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Prognostic value of dynamic electrocardiographic T wave changes in non-ST elevation acute coronary syndrome
  1. Bradley Sarak1,2,
  2. Shaun G Goodman1,2,3,
  3. Raymond T Yan2,
  4. Mary K Tan3,
  5. Ph. Gabriel Steg4,
  6. Nigel S Tan1,2,
  7. Keith A A Fox5,
  8. Jacob A Udell6,
  9. David Brieger7,
  10. Robert C Welsh8,
  11. Chris P Gale9,
  12. Andrew T Yan1,2
  13. for the Canadian Acute Coronary Syndromes I, and Global Registry of Acute Coronary Events (GRACE) Investigators
  1. 1St Michael's Hospital, Toronto, Canada
  2. 2University of Toronto, Toronto, Canada
  3. 3Canadian Heart Research Centre, Toronto, Canada
  4. 4Département Hospitalo-Universitaire FIRE, Université Paris Diderot, AP-HP, Hôpital Bichat, and INSERM U-1148, Paris, France
  5. 5Centre for Cardiovascular Science, University of Edinburgh, Edinburgh, UK
  6. 6Cardiovascular Division, Department of Medicine, Women's College Hospital and Toronto General Hospital, University of Toronto, Toronto, Ontario, Canada
  7. 7Department of Cardiology, Concord Hospital, University of Sydney, Sydney, New South Wales, Australia
  8. 8Mazankowski Alberta Heart Institute, University of Alberta Hospital, Canadian VIGOUR Centre, Edmonton, Alberta, Canada
  9. 9Leeds Institute of Cardiovascular and Metabolic Medicine, University of Leeds, Leeds, UK
  1. Correspondence to Dr Andrew T Yan, St Michael's Hospital, Division of Cardiology, 30 Bond Street, Rm 6-030 Donnelly, Toronto, Ontario, Canada M5B 1W8; yana{at}smh.ca

Abstract

Objective To assess the relationship between the evolution of T wave inversion (TWI) on the 24–48 h postadmission ECG and the patient characteristics, management and clinical outcomes among those with non-ST elevation acute coronary syndrome (NSTE-ACS).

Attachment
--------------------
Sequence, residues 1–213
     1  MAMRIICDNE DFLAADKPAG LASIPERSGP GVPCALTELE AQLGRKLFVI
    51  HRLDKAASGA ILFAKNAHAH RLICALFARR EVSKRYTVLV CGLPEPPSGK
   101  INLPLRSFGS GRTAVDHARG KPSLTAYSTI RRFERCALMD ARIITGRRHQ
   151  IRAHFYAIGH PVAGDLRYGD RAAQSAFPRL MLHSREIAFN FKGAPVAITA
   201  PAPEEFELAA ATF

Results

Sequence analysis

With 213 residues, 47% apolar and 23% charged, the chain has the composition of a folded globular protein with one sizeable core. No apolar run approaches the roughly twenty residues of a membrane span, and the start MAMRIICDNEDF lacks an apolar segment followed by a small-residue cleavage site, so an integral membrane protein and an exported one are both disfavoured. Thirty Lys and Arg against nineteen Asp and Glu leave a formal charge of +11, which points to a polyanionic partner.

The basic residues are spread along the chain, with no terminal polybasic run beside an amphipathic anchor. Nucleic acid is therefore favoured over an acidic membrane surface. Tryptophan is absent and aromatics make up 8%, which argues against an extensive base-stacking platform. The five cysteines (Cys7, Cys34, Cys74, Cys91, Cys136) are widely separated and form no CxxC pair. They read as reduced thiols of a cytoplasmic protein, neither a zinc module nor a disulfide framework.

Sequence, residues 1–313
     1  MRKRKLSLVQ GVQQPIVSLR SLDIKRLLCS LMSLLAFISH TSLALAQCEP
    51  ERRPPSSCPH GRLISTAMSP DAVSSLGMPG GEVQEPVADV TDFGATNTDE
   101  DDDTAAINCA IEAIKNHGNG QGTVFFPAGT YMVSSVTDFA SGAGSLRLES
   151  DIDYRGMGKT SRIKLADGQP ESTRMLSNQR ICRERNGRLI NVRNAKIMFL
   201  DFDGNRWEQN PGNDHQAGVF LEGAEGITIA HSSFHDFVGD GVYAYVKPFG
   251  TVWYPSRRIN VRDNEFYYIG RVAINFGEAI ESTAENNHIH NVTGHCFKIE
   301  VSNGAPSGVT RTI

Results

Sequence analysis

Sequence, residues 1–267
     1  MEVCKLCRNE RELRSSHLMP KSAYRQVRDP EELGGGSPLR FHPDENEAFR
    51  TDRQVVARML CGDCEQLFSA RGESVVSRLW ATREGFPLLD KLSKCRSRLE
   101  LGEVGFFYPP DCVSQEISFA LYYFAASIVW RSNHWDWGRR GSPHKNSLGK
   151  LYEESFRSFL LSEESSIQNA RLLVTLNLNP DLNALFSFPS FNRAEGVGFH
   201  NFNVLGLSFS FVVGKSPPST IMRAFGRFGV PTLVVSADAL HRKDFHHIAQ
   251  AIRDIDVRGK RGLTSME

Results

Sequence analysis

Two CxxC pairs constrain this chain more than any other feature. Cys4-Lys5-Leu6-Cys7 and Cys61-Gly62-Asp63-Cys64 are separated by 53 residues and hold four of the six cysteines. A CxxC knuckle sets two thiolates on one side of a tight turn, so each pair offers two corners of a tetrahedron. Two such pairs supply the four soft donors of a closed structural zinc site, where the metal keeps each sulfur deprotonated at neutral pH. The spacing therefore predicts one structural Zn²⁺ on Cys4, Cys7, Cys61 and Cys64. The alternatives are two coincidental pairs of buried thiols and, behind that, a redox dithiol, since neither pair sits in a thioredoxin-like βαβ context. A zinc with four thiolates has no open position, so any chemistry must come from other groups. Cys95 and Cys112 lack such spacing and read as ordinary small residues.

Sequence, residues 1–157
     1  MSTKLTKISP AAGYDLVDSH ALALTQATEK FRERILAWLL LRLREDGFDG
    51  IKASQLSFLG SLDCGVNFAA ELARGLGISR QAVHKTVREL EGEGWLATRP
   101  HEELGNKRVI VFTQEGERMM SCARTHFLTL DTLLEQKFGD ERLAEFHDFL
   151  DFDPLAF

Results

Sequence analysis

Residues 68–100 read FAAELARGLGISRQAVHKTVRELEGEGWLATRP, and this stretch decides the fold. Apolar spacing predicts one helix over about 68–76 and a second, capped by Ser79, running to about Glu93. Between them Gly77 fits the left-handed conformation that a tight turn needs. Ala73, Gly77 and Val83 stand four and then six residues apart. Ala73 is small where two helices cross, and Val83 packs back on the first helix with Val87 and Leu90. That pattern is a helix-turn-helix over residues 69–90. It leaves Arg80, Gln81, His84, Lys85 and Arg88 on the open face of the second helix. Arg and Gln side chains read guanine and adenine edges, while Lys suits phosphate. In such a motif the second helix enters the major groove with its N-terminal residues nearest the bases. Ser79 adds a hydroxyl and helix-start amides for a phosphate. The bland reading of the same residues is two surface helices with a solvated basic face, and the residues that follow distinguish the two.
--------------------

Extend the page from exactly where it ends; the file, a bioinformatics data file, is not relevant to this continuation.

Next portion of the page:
Methods We evaluated admission and 24–48 h follow-up ECGs of 7201 patients with NSTE-ACS from the prospective, multicentre Global Registry of Acute Coronary Events (GRACE) and Canadian ACS Registry I. We performed multivariable analyses to determine the association between new TWI (on follow-up ECG only), resolved TWI (on admission ECG only) and persistent TWI (on both admission and follow-up ECG) and inhospital and cumulative 6-month all-cause mortality.

Results Patients with TWI were older, more likely to have cardiovascular risk factors, higher Killip class and GRACE risk scores. After adjustment for known prognostic factors, compared with patients presenting without TWI, new TWI was associated with significantly lower inhospital mortality (OR=0.60, 95% CI 0.38 to 0.95, p=0.029), whereas resolved (OR=1.06, 95% CI 0.65 to 1.75, p=0.81) and persistent (OR=0.73, 95% CI 0.48 to 1.11, p=0.14) TWI did not predict inhospital mortality. No TWI pattern independently predicted inhospital adverse cardiovascular events or cumulative 6-month mortality. In contrast, ST depression on the admission and follow-up ECG were independent predictors of inhospital and 6-month mortality.

Conclusions Across the spectrum of NSTE-ACS, TWI within 48 h of presentation was associated with high-risk clinical features, but its presence or dynamic change did not provide additional prognostic value beyond other established clinical predictors.

  • ECG/electrocardiogram
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